The Education Committee brings together experts across all areas and levels of education to debate and analyse educational issues and produce recommendations for decision-makers. Since its inception in 2009, it has established itself as an independent and credible voice on various education issues such as the attainment gap, the review of Curriculum for Excellence and interdisciplinary learning.
Is concerned with all aspects of education in Scotland, and at all stages;
Considers education initiatives or proposals and advises RSE Council on how the Society should respond to these, particularly those from Government;
Organises events that stimulate debate on educational issues;
Is proactive in identifying and promoting priorities for education in Scotland;
Liaises with other relevant groups, including other RSE Committees.
There are a number of major reforms underway in Scottish education, not least the continuing implementation of the Curriculum for Excellence (CfE) and the new national qualifications in Scotland.
The Committee has been concerned about the absence of a strategy for independent evaluation of the CfE reforms and has engaged with the Scottish Government on its proposals for commissioning the Organisation for Economic Co-operation and Development (OECD) to review CfE. The RSE has collated materials relating to the development and implementation of Curriculum for Excellence which have been submitted to the OECD reviewers.
The Royal Society of Edinburgh (RSE) has, in partnership with others, sought over many years to raise the profile of interdisciplinary learning (IDL) in Scottish education, especially at primary and secondary school levels. While IDL is an explicit context for learning within Curriculum for Excellence (CfE), it has not yet been widely developed or embedded in school practice. The Committee recognises that there are positive examples of IDL being successfully implemented in schools, but in others it is clear that there has been little or no coordinated IDL development, indicating sporadic implementation at best.
The Education Committee held its first major full-day conference in January 2019 on the topic of IDL in education. This brought together policy makers and influencers, practitioners, learners and employers, and combined insights from leading international figures and practical wisdom and experience from closer to home. The conference considered: what IDL is; the importance of IDL for addressing major societal and global challenges; how IDL is currently being developed and delivered in Scotland and in other education systems; the main challenges to implementing IDL; and how teachers and schools can be supported to deliver IDL.
Interdisciplinary Learning: Creative Thinking for a Complex World
The IDL Network
The IDL Network is a response to feedback provided by teachers during the 2019 conference which indicated that the sharing of best practice is critical to IDL delivery. The Network hosts free resources, guest blogs and a discussion space for practitioners.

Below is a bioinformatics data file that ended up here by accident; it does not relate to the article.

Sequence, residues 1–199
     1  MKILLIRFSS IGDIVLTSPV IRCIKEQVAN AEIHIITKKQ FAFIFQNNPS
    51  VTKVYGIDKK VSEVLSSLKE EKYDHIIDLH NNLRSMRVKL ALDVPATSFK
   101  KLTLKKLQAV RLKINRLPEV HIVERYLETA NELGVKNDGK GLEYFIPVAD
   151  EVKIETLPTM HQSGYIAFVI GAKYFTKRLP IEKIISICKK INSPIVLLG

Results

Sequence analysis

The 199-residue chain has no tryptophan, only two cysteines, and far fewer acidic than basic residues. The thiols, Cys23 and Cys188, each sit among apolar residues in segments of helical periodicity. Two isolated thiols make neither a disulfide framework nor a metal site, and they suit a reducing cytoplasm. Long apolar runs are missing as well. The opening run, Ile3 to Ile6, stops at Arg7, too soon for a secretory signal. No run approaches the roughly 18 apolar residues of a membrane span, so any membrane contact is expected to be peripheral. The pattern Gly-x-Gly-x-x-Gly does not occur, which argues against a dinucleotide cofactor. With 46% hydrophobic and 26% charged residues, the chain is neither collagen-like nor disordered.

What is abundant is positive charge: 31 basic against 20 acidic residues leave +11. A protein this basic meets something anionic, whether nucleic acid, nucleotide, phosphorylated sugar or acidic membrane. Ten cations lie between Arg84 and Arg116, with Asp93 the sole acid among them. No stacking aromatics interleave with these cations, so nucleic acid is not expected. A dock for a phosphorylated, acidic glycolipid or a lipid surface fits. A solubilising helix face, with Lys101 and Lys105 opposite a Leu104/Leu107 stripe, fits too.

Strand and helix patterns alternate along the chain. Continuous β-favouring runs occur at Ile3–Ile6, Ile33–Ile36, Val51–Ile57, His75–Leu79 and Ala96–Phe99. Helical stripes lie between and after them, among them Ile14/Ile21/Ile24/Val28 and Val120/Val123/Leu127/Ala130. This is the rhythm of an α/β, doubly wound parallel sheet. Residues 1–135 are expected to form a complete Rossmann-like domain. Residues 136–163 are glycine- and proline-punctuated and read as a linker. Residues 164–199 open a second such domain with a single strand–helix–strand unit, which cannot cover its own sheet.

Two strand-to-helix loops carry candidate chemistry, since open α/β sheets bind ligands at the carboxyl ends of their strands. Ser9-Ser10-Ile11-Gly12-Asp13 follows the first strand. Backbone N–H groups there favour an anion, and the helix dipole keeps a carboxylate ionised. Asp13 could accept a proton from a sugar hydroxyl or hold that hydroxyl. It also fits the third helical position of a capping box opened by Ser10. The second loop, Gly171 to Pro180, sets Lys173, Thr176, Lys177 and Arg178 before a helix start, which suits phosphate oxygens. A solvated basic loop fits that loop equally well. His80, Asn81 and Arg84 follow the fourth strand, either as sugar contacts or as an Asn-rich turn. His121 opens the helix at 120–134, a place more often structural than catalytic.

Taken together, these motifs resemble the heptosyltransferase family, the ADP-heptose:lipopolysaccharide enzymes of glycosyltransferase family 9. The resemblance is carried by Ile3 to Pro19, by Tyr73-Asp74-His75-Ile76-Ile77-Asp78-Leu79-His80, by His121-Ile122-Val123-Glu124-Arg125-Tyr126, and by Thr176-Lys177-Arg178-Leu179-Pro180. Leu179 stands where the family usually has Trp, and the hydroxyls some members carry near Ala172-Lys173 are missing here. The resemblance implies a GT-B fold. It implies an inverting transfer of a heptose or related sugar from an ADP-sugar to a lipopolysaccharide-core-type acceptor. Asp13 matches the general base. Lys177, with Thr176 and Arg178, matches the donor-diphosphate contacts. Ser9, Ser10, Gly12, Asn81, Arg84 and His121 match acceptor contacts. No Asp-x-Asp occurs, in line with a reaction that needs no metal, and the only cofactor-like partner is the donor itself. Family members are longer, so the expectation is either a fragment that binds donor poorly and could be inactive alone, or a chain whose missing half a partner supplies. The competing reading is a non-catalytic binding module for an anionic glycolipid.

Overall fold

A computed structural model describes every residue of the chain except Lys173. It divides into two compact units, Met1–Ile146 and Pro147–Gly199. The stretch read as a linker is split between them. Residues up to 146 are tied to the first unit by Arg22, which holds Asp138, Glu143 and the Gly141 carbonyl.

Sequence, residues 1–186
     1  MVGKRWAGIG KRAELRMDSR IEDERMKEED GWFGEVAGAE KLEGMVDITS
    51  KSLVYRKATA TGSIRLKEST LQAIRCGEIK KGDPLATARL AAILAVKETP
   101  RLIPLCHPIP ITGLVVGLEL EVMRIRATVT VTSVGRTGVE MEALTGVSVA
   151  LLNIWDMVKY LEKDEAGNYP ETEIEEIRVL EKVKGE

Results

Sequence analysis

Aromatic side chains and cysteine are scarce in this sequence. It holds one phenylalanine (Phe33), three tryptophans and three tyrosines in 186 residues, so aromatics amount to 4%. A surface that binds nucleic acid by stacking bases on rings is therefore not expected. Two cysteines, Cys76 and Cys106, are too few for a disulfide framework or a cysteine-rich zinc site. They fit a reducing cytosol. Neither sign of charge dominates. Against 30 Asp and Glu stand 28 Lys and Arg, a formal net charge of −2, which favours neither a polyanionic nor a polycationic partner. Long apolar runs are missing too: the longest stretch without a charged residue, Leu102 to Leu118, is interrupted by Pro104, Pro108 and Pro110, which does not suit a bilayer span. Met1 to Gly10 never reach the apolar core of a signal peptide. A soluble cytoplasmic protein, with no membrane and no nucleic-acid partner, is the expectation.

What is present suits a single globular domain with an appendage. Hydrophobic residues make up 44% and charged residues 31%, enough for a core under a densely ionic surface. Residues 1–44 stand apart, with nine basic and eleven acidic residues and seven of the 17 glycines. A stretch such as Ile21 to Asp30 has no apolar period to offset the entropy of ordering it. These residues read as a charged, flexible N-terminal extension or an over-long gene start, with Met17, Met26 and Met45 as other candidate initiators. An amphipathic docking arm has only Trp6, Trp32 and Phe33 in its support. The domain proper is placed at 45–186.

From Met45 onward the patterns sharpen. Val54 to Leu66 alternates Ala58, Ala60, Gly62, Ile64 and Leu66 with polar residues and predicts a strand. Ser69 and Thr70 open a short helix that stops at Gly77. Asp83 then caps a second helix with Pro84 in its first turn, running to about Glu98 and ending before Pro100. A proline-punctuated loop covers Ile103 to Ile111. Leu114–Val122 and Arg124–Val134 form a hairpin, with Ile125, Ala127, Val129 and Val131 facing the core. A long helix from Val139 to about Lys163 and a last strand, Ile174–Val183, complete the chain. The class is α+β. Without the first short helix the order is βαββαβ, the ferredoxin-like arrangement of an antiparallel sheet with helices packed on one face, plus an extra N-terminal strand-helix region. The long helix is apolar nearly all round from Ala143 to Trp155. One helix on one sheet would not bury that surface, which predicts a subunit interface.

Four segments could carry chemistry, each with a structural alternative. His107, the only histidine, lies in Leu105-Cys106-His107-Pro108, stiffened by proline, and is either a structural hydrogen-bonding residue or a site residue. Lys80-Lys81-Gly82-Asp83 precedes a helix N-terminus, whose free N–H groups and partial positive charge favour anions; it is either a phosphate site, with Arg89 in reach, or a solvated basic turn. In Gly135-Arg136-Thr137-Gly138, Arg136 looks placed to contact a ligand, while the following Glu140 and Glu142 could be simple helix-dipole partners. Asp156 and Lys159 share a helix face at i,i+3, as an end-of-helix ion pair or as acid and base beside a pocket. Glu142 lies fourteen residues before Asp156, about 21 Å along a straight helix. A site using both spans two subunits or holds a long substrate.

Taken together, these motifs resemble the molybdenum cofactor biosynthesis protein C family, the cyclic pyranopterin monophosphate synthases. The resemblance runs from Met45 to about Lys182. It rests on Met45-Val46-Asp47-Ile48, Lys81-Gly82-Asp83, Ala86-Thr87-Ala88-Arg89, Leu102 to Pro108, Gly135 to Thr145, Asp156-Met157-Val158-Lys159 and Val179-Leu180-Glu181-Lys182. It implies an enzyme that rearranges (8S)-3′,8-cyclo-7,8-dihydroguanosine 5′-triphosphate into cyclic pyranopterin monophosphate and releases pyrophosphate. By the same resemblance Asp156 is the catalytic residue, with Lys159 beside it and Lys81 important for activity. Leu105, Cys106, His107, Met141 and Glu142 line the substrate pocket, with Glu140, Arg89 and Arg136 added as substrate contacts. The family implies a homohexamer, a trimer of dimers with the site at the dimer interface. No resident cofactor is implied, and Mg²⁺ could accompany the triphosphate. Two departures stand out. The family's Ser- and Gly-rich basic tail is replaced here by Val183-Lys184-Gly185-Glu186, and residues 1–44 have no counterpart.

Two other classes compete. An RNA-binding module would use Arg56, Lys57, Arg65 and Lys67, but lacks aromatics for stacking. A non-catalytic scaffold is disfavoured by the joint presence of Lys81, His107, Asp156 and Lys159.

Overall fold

IDL TEACHING RESOURCES
An in-depth look into interdisciplinary learning and its benefits.
A statement of intent for the adoption and implementation of interdisciplinary learning as a key feature of Scottish education.
The RSE responds to the House of Commons Science and Technology Committee’s inquiry into diversity in STEM.
The Royal Society of Edinburgh has responded to the Scottish Funding Council (SFC) consultation on the operation of the Research Excellent Grant (REG) and Research Postgraduate Grant (RPG).
The LSG response to Professor Ken Muir’s consultation on the proposed replacement of the SQA and reform of Education Scotland.
The RSE Education Committee response to Professor Ken Muir’s consultation on the proposed replacement of the SQA and reform of Education Scotland.
The letter presents the LSG’s suggestions for proposed modifications to National 5, Higher, and Advanced Higher assessments for 2020-21, in response to a consultation by SQA.
The response highlights that the Covid-19 pandemic will have long term impacts on the Scottish Budget as it has increased public debt to its highest peacetime level.
What does a resilient nation look like? How can government, industry, and society learn from the pandemic, the future risks and challenges, and what are the priority actions to build resilience?
This briefing paper highlights what the Learned Societies’ Group on Scottish STEM Education believes are the most prominent issues for STEM education in Scotland and presents associated recommendations and calls for action.
The Royal Society of Edinburgh’s Education Committee responded to Scottish Qualifications Authority’s (SQA) consultation on proposed models for the 2021 appeals process.
Head of Education, Aberdeenshire Council
Dr Katherine Duncan (YAS)
Chancellor’s Fellow, University of Strathclyde
Senior Honorary Professorial Fellow, University of Edinburgh
Professor Walter Humes
Honorary Professor, University of Stirling
RSE General Secretary (ex officio)
Dr Alice König (YAS)
Senior Lecturer, University of St Andrews
Senior Vice-Principal, University of Aberdeen
Principal and CEO, City of Glasgow College
Dr Andrew Manches (YAS)
Senior Lecturer, University of Edinburgh
Douglas Morrison (YAS)
Director of Operations and Future Skills, Construction Scotland Innovation Centre
Head Teacher, Wallace High School
Professor Ian Rivers FRSE
Associate Principal and Executive Dean, Faculty of Humanities and Social Sciences, University of Strathclyde
Acting Principal Teacher, Mauricewood Primary School
Dr Edward Sosu
Reader, University of Strathclyde
Catriona Wallace (YAS)
Head of Early Years, Scottish Book Trust
Dr Rebecca Warren (YAS)
Physics teacher, St George’s School for Girls
Head of Policy, SCDI